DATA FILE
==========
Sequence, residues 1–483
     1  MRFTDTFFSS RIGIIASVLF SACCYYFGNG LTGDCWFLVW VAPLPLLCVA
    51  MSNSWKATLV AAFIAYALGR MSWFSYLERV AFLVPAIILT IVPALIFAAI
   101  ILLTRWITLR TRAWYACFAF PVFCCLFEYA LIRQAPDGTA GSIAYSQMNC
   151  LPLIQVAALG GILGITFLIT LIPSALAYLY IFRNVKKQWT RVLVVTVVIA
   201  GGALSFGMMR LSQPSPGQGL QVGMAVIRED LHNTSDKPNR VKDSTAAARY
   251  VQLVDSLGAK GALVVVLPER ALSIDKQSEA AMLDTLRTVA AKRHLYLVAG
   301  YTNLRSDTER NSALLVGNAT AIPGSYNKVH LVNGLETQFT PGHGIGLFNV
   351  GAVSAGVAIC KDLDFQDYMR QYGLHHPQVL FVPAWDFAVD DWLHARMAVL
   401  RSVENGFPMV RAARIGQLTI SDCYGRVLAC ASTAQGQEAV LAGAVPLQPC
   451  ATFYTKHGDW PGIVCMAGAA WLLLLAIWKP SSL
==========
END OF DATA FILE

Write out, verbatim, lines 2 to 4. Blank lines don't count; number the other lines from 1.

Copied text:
     1  MRFTDTFFSS RIGIIASVLF SACCYYFGNG LTGDCWFLVW VAPLPLLCVA
    51  MSNSWKATLV AAFIAYALGR MSWFSYLERV AFLVPAIILT IVPALIFAAI
   101  ILLTRWITLR TRAWYACFAF PVFCCLFEYA LIRQAPDGTA GSIAYSQMNC